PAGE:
The average prices of single-family houses with mortgages guaranteed by Fannie Mae and Freddie Mac in the United States rose 0.1 percent from a month earlier in March 2019, easing from an upwardly revised 0.4 percent increase in February and below market expectations of a 0.2 percent gain. It was the smallest monthly increase in house prices since January 2017. Among Census divisions, rises in West North Central (1.1 percent); Middle Atlantic (0.8 percent); Mountain (0.7 percent); West South Central (0.3 percent) and South Atlantic (0.1 percent) were partly offset by declines in East North Central (-0.8 percent); East South Central (-0.4 percent) and New England (-0.6 percent). At the same time, prices were flat in the Pacific division. Year-on-year, house prices were up 4.9 percent, the same pace as in the previous month. Housing Index in the United States averaged 0.30 percent from 1991 until 2019, reaching an all time high of 1.20 percent in January of 2000 and a record low of -1.70 percent in November of 2008.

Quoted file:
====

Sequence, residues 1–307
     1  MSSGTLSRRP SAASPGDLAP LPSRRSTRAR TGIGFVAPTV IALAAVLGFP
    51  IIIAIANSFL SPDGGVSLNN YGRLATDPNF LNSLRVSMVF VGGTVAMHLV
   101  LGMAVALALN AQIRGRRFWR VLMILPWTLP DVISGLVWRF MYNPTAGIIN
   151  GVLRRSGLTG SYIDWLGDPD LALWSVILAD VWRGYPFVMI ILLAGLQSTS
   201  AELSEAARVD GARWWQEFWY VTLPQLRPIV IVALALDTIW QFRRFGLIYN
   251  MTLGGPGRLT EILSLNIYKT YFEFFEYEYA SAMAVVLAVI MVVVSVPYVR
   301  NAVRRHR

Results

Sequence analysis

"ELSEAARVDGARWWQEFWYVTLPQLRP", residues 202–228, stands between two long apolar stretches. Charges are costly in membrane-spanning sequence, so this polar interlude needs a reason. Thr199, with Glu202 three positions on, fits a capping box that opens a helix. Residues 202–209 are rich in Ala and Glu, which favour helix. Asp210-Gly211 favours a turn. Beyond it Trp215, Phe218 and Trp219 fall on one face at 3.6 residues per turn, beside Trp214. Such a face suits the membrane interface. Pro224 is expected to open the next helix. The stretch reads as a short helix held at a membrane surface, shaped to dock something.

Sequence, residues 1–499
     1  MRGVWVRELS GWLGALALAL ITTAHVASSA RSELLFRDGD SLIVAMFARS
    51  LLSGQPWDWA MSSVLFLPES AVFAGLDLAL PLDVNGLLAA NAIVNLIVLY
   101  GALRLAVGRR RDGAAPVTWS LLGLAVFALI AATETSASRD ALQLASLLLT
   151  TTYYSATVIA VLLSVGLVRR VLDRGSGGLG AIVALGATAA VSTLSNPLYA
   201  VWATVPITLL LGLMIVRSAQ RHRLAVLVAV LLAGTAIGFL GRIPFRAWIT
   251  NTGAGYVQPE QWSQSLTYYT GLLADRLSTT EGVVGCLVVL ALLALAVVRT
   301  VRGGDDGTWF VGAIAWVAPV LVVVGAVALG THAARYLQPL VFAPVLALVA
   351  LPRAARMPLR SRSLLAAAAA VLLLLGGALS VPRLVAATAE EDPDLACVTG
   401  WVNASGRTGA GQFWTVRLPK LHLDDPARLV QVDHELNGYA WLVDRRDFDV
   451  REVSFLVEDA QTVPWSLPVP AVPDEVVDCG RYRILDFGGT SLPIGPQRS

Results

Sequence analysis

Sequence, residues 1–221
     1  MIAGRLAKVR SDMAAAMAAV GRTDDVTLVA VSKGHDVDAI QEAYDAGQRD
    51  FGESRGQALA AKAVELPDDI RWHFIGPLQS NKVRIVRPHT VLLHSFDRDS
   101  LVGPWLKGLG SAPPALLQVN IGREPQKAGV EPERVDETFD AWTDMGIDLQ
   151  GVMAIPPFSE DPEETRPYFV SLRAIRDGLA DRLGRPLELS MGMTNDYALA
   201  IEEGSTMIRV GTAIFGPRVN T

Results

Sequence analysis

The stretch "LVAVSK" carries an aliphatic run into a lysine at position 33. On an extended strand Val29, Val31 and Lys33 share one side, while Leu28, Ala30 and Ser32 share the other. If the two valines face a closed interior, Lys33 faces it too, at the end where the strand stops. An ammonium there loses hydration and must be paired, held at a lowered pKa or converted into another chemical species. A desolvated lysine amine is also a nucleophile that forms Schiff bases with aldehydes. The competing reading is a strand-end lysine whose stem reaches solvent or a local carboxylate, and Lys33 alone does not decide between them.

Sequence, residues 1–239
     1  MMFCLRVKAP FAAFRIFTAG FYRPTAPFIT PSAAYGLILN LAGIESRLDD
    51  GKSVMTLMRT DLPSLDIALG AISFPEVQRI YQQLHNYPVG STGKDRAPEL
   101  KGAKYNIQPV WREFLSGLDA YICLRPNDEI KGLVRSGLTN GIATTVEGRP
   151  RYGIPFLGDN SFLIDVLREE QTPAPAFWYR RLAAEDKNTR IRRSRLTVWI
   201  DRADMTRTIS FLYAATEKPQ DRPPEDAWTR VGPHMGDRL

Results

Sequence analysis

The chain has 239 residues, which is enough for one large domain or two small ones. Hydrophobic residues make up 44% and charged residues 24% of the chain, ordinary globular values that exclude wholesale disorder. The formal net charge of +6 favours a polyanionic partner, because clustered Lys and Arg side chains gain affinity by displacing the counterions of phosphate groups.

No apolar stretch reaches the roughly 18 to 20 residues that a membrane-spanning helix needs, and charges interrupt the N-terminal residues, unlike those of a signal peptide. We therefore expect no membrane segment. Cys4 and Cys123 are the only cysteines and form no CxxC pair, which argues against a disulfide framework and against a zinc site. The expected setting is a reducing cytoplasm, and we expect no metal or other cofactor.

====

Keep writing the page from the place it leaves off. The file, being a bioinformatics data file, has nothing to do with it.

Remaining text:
Housing Index in the United States is expected to be 0.20 percent by the end of this quarter, according to Trading Economics global macro models and analysts expectations. Looking forward, we estimate Housing Index in the United States to stand at 0.10 in 12 months time. In the long-term, the United States House Price Index MoM Change is projected to trend around 0.30 percent in 2020, according to our econometric models.